I think we a all are trying to be complete fisherman. Even if we have fished our whole life. I learn something everytime I go out and think I have nailed it then I get my butt kicked and realized there is more to learn.
Sounds like more earth tones including brown/tan ect with copper ribbing need to be added to my box. Thanks to everyone who replied, you can never have enough sizes or colors! I haven't been tying many without beads, that is a good idea. Back to the bench.:thumb:
Size does matter. For chiro's, thin is definitely the in thing. Sometimes straight hook ties out produce curved hook ties. Go figure on that one. My box contains over 500 but I found myself using only four or five patterns last year. Black w/ white bead, brown w/ black bead, root beer w/ copper bead, red w/ white bead, and another color combo I won't reveal. I find 14's and 16's to be the most effective, but keep a good supply of 18's and 20's in certain patterns. Be sure to include some long shank bloodworms. Tie with just fine red wire wrapped on the hook or red holographic flash w/ mono-rib, all covered with Sally Hansen's Hard as Nails. Fish these early in the season as your bottom fly tied on with the loop knot. For your 200R's, try offseting the point to get a better hook-up. I all but quit tying on these even though they make a great looking chiro. Hook-up ratio to that of other hooks can be poor.
Curved or straight is ineresting thought. I have always thought of curve looking better. I guess I think it imitates movement from the Chirony. I might have to test that out. Learing something new every day.
My box contains about halfnhalf, curved and straight. Most of the time I'm chirono fishing I can't tell if the fish prefer one or the other. Some days I do notice a better hooking ratio on the curved hook esp. the smaller bugs. Sometimes it depends on how aggressive the fish are feeding. When they're feeding more aggressively I do better with a straight hook. When they're feeding casually with soft takes the curved hooks works better. Just a few observations with too many variants to be science, but with enough mystery to keep me going back for more!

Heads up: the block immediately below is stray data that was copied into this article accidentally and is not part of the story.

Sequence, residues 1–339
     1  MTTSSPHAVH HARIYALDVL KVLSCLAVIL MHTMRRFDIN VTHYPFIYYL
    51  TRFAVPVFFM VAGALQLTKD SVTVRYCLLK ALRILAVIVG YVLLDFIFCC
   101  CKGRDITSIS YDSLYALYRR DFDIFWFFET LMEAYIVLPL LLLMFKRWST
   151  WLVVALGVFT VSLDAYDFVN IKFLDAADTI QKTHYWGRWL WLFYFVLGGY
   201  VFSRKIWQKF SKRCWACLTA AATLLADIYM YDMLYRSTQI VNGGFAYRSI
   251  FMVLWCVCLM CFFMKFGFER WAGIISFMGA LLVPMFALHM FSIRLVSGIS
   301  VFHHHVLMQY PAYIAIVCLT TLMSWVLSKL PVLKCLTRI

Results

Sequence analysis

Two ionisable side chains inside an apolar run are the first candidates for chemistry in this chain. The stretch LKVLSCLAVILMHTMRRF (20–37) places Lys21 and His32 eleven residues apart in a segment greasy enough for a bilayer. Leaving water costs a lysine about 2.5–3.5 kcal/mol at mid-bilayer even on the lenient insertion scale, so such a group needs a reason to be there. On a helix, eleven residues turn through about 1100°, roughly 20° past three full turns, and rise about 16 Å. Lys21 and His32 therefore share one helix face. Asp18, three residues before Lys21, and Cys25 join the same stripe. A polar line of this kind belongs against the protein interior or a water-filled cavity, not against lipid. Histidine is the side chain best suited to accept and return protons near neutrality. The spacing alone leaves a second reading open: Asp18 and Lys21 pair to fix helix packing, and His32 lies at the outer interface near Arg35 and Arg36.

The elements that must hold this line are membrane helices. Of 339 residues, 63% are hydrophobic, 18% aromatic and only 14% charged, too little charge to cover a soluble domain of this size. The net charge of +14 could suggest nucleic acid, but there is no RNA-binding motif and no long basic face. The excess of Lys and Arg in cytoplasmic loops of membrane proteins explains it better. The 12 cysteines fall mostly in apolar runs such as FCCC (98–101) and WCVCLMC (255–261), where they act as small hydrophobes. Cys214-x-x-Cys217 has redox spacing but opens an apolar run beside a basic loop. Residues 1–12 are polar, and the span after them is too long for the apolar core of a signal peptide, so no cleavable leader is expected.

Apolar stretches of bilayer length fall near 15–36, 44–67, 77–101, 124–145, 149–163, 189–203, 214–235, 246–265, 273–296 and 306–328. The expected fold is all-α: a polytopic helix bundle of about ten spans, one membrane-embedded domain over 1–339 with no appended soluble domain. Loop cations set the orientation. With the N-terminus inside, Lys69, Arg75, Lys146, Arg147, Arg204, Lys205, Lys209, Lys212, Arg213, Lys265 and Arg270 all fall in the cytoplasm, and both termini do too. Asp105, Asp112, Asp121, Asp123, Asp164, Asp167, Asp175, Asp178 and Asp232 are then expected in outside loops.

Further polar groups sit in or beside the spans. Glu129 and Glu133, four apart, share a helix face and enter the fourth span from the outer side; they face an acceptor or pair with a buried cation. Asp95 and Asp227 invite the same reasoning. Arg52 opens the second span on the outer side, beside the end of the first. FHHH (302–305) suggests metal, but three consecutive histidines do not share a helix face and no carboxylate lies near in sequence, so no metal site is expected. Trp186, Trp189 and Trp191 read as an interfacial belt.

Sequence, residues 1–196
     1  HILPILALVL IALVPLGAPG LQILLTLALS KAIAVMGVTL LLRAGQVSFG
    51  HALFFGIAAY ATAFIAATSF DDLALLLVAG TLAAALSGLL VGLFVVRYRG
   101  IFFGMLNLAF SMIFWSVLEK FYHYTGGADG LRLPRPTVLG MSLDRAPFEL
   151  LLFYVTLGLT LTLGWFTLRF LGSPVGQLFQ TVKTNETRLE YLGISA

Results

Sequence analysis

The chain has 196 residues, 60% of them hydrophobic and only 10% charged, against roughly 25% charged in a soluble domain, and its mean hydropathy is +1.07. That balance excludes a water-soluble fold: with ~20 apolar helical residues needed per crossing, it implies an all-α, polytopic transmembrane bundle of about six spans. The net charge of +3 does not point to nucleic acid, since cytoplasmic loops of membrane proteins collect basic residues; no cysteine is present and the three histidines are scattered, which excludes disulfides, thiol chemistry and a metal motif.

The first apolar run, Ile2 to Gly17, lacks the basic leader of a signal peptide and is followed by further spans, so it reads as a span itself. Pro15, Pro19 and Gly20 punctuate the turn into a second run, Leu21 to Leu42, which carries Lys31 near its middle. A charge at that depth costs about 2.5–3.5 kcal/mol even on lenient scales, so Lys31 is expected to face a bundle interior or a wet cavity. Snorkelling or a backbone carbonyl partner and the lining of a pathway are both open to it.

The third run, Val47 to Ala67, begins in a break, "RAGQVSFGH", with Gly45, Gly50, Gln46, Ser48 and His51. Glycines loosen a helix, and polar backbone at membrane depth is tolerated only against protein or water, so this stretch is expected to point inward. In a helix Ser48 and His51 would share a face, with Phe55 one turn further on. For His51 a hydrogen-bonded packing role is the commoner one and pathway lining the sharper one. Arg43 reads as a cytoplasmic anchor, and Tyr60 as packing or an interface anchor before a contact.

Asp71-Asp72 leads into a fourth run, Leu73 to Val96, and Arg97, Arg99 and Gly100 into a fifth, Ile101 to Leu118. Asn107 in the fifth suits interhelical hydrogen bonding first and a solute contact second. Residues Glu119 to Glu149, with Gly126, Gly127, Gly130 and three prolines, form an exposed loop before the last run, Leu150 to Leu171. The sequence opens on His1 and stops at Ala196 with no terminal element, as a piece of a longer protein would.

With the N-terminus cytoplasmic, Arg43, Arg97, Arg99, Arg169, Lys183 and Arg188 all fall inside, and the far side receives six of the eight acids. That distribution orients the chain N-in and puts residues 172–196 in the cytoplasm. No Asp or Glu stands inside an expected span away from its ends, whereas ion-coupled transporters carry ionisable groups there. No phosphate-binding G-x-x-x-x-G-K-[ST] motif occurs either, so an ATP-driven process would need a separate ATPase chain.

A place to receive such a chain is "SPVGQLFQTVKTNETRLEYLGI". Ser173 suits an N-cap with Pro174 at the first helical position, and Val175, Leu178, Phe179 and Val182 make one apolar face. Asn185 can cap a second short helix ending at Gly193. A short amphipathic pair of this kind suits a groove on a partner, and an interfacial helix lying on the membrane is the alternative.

Tan with black ribbing pheasant back, peacock herl with white ostridge herl gills.
Tan with gold ribbing pheasant back, peacock herl with white ostridge herl gills.
Tan with Olive ribbing pheasant back, peacock herl with white ostridge herl gills.
Brown with black ribbing pheasant back, peacock herl with white ostridge herl gills.
Brown with gold ribbing pheasant back, peacock herl with white ostridge herl gills.
Brown with olive ribbing pheasant back, peacock herl with white ostridge herl gills.
olive with black ribbing pheasant back, peacock herl with white ostridge herl gills.
Olive with silver ribbing pheasant back, peacock herl with white ostridge herl gills.
Black with black ribbing pheasant back, peacock herl with white ostridge herl gills
Black with tan ribbing pheasant back, peacock herl with white ostridge herl gills
All white epoxy covered.
All tan epoxy covered
Brown with Black rib epoxy covered
White with tan ribbing epoxy covered.
Tan with Brown ribbing epoxy covered.
A ton of traditional red butt chronnies.
olive butt penny brights
tan butt penny brights
brown butt penny brights
black butt penny brights.
Yeah, I went on a 2 month midge tying bender a couple years ago. I gave away all of the ones that didn't work for me. Those are the ones I have left. All have caught fish. The pennybrites are my favorite. All of the patterns are common. nothing special. I'm pretty convinced that as long as you keep em skinny when you tie them, you'll be in good shape.
LOL caveman, just flipping a little sheit. :rofl: I need to work on my 12 step sensitivity program a bit. Breaking my cannon has caused me to relapse.
Sorry I didnt give my input earlier...as if it matters right...
I think all factors effect how a certain fly will fish. Color, size, profile, presentaion.....simply everything effects its success rate. The only way to combat this and boost success rates is to carry a bunch of flies. I like black/red, brown/red, olive/red.....that is ussually what I start with.
Loop knot: definitely an improvement over the standard clinch knot. Depth, I think, is most critical, followed by size and shape. The comment about color and what it looks like at different depths was confirmed in a book I read by a scientist who studied how light waves in water make colors appear different in water than what we see in the air. Depth, density and the amount of light penetrating the water column cause additional color changes compared with what we see above the water's surface. My guess is fly color closer to the surface is more important than color in deeper water. My motto is, if you aren't catching anything, change location, fly or fish until you do.